That’s what I said when our server told us that El Pike was out ofÂ salteÃ±as because from my past experience, theirÂ salteÃ±as are better than Luzmila’s, surpassed in Falls Church only by the unearthly versions at La CaraqueÃ±a.
Knowing the size of the entrees that were going to arrive, my young dining companion and I went ahead and skipped the appetizers – he ordered a Diet Coke ($1.55) while I had what was about the damndest thing I’ve ever drunk: anÂ El Inca Bi-cervecina ($3.89). This was on their beer list, and I’d never even heard of it before, so I ordered it blindly.
The bottle looked interesting enough, and it poured out a dark, syrupy brown. It both smelled and tasted sweet, and was unlike any beer I’d ever tasted. I looked at the bottle and was stunned to see only a 3% ABV listing – was I drinking a low alcohol beverage?
Indeed I was. Â This “beer” is produced by the same folks that make Quilmes, and comes across on the palate as a slightly sweet iced tea with hints of black licorice in the nose – it may have been low alcohol, but this could not possibly be low calorie. I wish I could say I liked it, but it’s just not what I was in the mood for. Still, it was interesting.
Carne Asada (Lomo) ($10) was steak pounded thin, with salad, rice, boiled potatoes, and two fried eggs. Silpancho ($10) was lightly breaded steak, also pounded thin, with fried potatoes, rice, two fried eggs, and salad. These two dishes sound similar, and with the exception of the potatoes (the fried potatoes were just french fries; the boiled potatoes were outstanding even though they were very plain), were virtually interchangeable.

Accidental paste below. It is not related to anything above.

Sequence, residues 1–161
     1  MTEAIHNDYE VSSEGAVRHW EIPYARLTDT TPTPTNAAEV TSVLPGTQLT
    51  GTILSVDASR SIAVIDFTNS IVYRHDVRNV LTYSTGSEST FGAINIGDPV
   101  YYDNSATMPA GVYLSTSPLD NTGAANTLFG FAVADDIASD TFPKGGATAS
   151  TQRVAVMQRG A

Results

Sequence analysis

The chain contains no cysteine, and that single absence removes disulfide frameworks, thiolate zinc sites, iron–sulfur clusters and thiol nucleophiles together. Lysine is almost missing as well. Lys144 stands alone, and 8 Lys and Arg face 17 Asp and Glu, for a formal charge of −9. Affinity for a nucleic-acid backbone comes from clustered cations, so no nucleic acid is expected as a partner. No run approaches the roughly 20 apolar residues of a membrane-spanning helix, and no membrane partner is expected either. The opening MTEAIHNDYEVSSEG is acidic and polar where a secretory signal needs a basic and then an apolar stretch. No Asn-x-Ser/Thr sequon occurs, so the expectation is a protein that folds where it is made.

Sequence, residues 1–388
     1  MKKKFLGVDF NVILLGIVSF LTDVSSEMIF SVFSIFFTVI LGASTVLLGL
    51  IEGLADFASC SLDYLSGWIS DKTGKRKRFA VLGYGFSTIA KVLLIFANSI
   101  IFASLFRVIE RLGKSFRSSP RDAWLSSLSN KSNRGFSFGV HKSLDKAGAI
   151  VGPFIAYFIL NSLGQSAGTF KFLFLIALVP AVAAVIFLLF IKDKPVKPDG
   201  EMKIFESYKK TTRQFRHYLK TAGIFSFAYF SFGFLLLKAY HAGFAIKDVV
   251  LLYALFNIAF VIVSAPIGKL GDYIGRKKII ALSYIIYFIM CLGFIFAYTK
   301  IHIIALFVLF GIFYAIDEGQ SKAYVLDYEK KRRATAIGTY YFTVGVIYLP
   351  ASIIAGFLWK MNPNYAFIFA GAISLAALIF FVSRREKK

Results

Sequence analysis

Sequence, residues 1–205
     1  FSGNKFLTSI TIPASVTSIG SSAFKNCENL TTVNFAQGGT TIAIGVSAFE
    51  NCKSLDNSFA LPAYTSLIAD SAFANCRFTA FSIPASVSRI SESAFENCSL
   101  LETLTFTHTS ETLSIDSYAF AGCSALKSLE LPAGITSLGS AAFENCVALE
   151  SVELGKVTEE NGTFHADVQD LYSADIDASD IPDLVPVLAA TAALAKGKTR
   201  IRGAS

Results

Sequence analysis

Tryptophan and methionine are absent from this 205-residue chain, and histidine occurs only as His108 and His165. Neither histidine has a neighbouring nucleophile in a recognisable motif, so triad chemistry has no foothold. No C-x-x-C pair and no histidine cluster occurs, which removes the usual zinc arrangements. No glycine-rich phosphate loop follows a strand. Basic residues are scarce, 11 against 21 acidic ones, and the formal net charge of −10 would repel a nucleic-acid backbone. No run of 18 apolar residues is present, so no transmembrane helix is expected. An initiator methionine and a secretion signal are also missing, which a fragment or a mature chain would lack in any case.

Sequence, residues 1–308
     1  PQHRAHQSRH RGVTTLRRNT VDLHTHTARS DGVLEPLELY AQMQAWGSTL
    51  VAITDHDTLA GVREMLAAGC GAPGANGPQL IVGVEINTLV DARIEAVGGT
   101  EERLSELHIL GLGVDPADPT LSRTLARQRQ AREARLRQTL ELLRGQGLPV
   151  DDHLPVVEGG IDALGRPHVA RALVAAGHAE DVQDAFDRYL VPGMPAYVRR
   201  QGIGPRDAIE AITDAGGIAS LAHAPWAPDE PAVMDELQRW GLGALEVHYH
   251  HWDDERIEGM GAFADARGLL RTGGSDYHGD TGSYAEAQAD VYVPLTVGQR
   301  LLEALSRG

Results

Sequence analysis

It’s extremely frustrating to order dishes containing overcooked eggs, and both entrees had thick, rubbery fried eggs with the yolks completely hard. It would have been oh-so-beautiful to let the runny yolks mix in with all the rice, potatoes, and juices from the beef, but the hard-egg issue seems to happen more often than not to me at Bolivian restaurants, and it’s just not fair!
A ton of food for the money, and all of it blue-plate quality. El Pike was empty on a late Friday afternoon, but later that night would turn into a pulsating disco. By then, we were long gone, but still full from our outsized plates of food.